Friday, December 06, 2019

Forgotten Books: Return from Cormoral - Kenneth Robeson (Lester Dent)

The Spring 1949 issue of DOC SAVAGE MAGAZINE was the second to feature a classic-style Doc novel in the old familiar pulp size that had been restored with the previous issue. “Return From Cormoral” features an excellent George Rozen cover that’s really evocative of Walter Baumhofer’s great covers during the series’ supersaga era. This tale starts out in intriguing fashion, as well: four scientists return to civilization in Miami after having been marooned for six months on a really remote island (the Cormoral of the title) when the scientific foundation that was sponsoring their expedition went belly-up and couldn’t retrieve them. As if that’s not intriguing enough, one of the scientists is the heir to a half-billion dollar fortune . . . and he’s returned with the ability to predict the future.

However, this ability isn’t one that the scientist particularly wants—in fact, it scares him to death—so he decides to contact Doc Savage to get to the bottom of it. This leads to a couple of attempts on Doc’s life in New York, which just makes him more curious and determined to get to the bottom of things (the crooks never seem to learn not to do that), and before you know it Doc is off to Miami to investigate while his aids, the ever-lovable Monk and Ham, try to track down some leads in New York.

There are more attempts on Doc’s life, some colorful chasing around Miami, and then some globetrotting adventure as Doc, the scientist with the dilemma, and the guy’s spunky girlfriend take off for the Great White North. (Some of you are probably humming an old Rush song right now. I know I am.)

In the end, the secret behind the whole thing is a little on the mundane side, as often happens not only in other Doc Savage novels, but in yarns featuring The Shadow and other pulp heroes as well. But usually, the fun is in the getting there, and with Lester Dent’s taut, fast-paced prose sprinkled with action and humor, “Return From Cormoral” is quite a bit of fun indeed. By 1949, too much time had probably passed for the series to ever quite recapture its former glories, but this one makes a valiant try and I really enjoyed it.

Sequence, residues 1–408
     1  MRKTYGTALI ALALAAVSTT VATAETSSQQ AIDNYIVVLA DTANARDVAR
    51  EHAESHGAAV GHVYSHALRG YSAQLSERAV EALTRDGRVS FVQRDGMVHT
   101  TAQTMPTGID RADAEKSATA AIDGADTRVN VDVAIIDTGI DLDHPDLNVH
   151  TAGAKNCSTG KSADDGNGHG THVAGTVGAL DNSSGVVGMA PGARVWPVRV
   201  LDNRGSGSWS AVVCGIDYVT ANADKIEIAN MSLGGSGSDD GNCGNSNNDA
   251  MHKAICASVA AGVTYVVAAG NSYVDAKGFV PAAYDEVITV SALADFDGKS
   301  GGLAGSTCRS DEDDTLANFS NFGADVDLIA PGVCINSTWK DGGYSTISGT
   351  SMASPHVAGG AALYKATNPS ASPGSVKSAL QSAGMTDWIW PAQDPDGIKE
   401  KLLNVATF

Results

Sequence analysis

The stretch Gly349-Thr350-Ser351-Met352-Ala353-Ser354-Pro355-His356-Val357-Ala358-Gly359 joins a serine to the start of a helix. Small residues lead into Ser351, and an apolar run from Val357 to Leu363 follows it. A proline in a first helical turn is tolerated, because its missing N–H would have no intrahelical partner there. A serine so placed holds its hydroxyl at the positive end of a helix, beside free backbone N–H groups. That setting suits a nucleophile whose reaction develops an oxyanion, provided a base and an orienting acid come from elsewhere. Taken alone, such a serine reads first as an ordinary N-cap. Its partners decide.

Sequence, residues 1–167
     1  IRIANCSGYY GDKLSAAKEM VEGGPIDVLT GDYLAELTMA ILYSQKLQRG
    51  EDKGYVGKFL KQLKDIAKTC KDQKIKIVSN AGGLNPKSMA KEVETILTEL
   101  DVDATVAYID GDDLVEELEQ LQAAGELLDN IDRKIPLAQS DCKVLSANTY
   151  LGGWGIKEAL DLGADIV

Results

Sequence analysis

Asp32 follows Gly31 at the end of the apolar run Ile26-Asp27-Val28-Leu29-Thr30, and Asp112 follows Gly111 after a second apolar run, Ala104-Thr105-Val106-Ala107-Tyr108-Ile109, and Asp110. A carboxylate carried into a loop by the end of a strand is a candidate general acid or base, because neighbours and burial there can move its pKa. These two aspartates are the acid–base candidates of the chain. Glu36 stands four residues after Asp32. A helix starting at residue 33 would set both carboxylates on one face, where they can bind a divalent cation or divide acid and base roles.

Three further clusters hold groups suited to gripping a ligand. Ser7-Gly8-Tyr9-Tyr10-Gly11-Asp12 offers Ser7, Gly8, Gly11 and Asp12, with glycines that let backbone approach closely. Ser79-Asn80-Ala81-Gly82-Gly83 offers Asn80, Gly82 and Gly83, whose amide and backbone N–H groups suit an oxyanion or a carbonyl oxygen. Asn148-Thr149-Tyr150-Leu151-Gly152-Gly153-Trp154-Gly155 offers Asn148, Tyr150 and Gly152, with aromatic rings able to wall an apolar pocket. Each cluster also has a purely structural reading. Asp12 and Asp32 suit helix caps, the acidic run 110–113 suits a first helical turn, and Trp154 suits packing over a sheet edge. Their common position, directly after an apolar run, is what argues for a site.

Which leaves me with just one more Doc Savage novel from the original series before I’ve read them all. I’ll be getting to it soon.


Rick Robinson said...

You said "the ever-lovable Monk and Ham," Sorry, but they drive me nuts. So much so that I can barely read the books. Too bad, because without them, I think the books would be great.

James Reasoner said...

Yep, they're a polarizing pair, that's for sure. I was 11 or 12 when the Bantam reprints started coming out, which was a good age to discover the series. I liked Monk and Ham (all the crew, really) right away and always have.

Joe said...

I haven't read this one but certainly will put it on the list.

I;m kinda obsessed with Talbot Mundy and The Curse of Capistrano : The Mark of Zorro by Johnston McCulley :)